Unity of Supervision – intended to enhance consistency and continuity of police policies and procedures and to provide greater uniformity in developing solutions to community problems.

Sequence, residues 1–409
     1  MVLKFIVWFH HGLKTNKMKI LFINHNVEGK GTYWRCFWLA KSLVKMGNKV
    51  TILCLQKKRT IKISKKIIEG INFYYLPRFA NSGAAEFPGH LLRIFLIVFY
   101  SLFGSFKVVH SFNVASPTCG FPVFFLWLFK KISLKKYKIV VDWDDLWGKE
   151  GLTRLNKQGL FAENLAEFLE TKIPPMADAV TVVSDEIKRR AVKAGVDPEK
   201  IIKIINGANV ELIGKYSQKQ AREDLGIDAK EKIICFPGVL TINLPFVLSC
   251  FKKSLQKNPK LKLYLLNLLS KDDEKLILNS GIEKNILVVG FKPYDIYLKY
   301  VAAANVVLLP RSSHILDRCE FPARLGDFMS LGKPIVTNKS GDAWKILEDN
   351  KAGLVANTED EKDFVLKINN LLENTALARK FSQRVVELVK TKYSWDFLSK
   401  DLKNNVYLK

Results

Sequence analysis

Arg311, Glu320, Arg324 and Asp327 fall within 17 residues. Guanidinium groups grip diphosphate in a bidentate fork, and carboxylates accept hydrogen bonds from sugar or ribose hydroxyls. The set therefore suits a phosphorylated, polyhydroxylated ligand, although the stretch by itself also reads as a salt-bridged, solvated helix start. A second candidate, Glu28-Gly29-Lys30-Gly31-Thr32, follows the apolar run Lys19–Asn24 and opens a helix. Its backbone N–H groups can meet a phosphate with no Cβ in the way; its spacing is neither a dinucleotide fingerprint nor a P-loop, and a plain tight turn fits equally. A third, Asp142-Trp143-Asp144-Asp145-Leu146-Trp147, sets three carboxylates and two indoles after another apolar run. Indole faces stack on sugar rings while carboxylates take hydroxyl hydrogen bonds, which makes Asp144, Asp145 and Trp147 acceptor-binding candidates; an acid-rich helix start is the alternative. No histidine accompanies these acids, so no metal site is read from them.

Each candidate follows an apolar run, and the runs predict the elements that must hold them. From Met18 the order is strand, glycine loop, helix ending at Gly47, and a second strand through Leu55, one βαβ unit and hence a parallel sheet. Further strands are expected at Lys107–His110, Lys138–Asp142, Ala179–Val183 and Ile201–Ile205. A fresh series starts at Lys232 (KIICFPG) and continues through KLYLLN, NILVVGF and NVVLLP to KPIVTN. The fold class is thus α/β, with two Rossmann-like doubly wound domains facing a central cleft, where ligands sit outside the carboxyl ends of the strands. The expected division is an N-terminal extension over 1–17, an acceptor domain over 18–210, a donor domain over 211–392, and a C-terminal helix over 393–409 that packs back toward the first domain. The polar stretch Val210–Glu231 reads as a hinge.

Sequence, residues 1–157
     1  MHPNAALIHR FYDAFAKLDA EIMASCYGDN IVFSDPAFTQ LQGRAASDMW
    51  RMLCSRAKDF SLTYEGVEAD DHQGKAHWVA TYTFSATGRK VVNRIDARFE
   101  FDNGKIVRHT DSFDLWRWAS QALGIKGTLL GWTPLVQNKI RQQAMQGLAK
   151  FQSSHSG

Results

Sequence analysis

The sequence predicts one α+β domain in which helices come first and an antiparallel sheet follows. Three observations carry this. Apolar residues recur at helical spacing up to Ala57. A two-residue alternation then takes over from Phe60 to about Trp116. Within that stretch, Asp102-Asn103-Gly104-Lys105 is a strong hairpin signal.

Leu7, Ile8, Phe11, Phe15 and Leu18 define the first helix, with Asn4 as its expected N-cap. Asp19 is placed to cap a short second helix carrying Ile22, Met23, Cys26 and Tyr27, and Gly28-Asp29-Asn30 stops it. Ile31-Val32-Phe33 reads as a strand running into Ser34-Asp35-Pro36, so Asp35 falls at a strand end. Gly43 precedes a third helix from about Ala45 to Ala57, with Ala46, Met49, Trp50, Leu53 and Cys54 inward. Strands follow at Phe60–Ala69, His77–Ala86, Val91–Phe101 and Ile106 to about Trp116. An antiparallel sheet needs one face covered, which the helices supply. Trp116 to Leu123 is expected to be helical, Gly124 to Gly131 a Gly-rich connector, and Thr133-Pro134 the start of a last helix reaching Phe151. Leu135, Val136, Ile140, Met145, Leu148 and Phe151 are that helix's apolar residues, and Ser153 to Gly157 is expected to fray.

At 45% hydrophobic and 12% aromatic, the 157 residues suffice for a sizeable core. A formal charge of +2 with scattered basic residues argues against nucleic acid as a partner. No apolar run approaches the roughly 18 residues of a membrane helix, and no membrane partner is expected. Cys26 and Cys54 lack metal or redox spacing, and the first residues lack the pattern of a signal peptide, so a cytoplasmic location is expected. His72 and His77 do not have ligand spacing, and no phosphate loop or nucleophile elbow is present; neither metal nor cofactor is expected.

b. Low-level flexibility in decision making – team members are encourage to share and exchange ideas, and work together in solving problems within their area of responsibility. c. Unified delivery of services – it places emphasis on the development of generalist, rather than specialist, skilled among team members. d. Combined investigation and patrol functions – this is designed to bridge the gap between patrol officers and investigators, thereby leading to a more cooperative approach to problem solving. High and Low Visibility Patrol The general tendency in crime prevention strategy is high police visibility to ensure citizen feelings of security for the law abiding but the creation of fear for would be violators. However, in other instances, low visibility patrol programs have been designed to increase police activities of arrest of criminals who have already committed or are in the act of committing selected types of crimes. The theory underlying the high visibility patrol concept is that, certain types of crimes can be reduced by, increasing the aura of police omnipresence in the community. Another strategy is the saturation concept wherein selected risky crime of robbery in residential areas of the city is saturated by intensive patrol of clearly marked police cars equipped with 2-way radios. Low-visibility patrol is a strategy wherein members of the force in plainclothes patrol areas on foot or in unmarked automobiles where street crimes become highrisk crimes. Under the low-visibility set-up the primary purpose of the patrol is no longer crime prevention but crime repression, wherein the objective is – the increased apprehension of criminals engaged in selected street crimes, and the deterrence of criminal activity as a result of greater probability of apprehension. Directed Deterrent Patrol An alternative to random routine patrol is directed patrol, in which officers are given specific directions to follow when they are not responding to calls. The directed patrol assignments are given before they begin their tour and are meant to replace uncommitted random patrol time with specific duties that police commanders believe will be effective. Directed patrol assignments can be based on crime analysis, specific problems, or complaints received from the community.